Farming: I just revised my opinion on farming: I don't dislike it overall, I dislike it only when it's poorly handled. Which is so not the case in LoR. Heck, this game elevates farming to an art and to an ungodly obsession. On top of the obligatory monster drops, you can gather mana, which is used as a currency of sorts and serves various interesting purposes (oh, how I love sucking mana from the dungeon's dirty walls); even better, you can get your greedy hands on all sorts of lovely loot, from neat pieces of gear to rare items. Oh, and the game resets the mana and loot points every time you exit the dungeon and kindly shows you where all those treasures are lying. To say that I could hardly resist the lure of said treasures when I roamed is very much an understatement, and impromtu farming sessions made a good chunk of those six hours I spent playing LoR's demo.

Combat: It's your standard turn-based fare, with a couple of clever twists the main and best one being that encounters are not random. You can see enemies on the screen, just like FOES in Etrian Odyssey; and if you maneuver well, you can approach them from the back or the side and take them by surprise, which makes fights much faster and smoother. This also means that you're free to make a beeline for foes or to run away from them, depending on your goals of the moment. Another neat twist is that the game kindly lets you know when your attacks and weapons are effective or ineffective against a foe, just like any good old Pokemon game. Also, battles flow fast and are usually over in a couple of turns, which only makes you greedier for the next battle.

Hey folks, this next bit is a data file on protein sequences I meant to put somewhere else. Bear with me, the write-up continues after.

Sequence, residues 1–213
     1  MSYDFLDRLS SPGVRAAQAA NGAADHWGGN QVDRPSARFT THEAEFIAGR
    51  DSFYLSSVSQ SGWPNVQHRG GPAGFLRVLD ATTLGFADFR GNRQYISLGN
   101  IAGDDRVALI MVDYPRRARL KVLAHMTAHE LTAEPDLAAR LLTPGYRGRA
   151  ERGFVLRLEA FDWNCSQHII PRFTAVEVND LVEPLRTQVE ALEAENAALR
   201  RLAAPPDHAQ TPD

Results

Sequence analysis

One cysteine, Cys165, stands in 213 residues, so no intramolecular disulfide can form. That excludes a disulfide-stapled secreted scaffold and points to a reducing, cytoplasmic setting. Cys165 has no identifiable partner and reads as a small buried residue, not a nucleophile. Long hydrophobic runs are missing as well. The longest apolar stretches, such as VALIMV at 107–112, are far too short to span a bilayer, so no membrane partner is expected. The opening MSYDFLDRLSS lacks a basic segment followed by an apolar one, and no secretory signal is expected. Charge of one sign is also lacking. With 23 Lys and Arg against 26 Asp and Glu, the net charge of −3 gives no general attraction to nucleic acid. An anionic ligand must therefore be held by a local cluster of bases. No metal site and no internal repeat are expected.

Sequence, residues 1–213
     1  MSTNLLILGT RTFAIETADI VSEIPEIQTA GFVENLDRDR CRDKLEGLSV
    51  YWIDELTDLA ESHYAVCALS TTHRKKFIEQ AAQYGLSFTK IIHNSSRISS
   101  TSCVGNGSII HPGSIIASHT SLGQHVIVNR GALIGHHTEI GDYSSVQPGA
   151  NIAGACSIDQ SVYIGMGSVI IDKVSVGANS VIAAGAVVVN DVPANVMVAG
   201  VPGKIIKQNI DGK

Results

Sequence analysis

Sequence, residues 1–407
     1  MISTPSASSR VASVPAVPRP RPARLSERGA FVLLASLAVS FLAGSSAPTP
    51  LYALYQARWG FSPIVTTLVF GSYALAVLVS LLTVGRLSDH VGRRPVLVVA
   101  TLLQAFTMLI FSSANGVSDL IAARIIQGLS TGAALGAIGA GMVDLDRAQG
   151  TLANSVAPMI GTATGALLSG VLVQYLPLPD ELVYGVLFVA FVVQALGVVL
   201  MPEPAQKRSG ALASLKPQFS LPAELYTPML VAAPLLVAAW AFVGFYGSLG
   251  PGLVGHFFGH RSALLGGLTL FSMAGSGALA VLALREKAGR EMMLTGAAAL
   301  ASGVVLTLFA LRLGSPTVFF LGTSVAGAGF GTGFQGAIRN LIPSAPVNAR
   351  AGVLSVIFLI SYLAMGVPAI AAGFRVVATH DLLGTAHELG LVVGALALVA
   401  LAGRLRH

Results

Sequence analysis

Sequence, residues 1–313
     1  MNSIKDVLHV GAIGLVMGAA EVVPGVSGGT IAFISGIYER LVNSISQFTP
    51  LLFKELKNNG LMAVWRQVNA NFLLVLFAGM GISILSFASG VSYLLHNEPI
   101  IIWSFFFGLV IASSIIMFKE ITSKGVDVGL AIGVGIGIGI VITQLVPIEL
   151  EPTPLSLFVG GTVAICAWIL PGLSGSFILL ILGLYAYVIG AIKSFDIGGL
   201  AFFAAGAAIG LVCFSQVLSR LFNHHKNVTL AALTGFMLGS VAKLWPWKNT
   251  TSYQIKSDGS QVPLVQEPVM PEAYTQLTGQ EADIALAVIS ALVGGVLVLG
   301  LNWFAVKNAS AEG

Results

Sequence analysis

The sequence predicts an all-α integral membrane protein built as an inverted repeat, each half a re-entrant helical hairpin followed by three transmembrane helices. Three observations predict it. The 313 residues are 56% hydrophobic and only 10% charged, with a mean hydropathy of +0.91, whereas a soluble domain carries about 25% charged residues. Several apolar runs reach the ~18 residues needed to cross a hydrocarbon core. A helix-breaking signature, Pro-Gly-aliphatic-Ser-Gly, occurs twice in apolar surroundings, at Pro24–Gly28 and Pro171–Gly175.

What else? The soundtrack is lush, the art is gorgeous, the story is deliciously wacky, and main character Dronya is such a complete b*tch that it become hilarious. I need that game in my life, and I need copious amounts of it. Here's my plan laid thereupon for you, dear fellow gamers: first, I'm going to purchase the Vita version of LoR for collecting purposes, before it becomes prohibitely rare and expensive; then, I'll purchase the Switch version, play it to death and sell it once I'm done, after which I'll turn to the Vita version when I want to replay the game. Such a perfectly designed plan, which will allow me to play LoR right now and not struggle with japanese to do so! 

This post marks the end of my Demo Runs. The whole endeavour was not as fructuous as I had hoped; but one final purchase out of seven demos is better than nothing, I guess. Still, it was entertaining: I could be fully honest with my feelings about those demos and drop them in a flash if they failed to please, knowing that I had gotten them for free. No sunk cost fallacy here, baby! I think I'll try my hands at demos more often from now on, especially given how expensive Switch games are. I hope you enjoyed those Demo Runs as much as me, dear fellow gamers; as usual, thanks for reading, and be my guest anytime!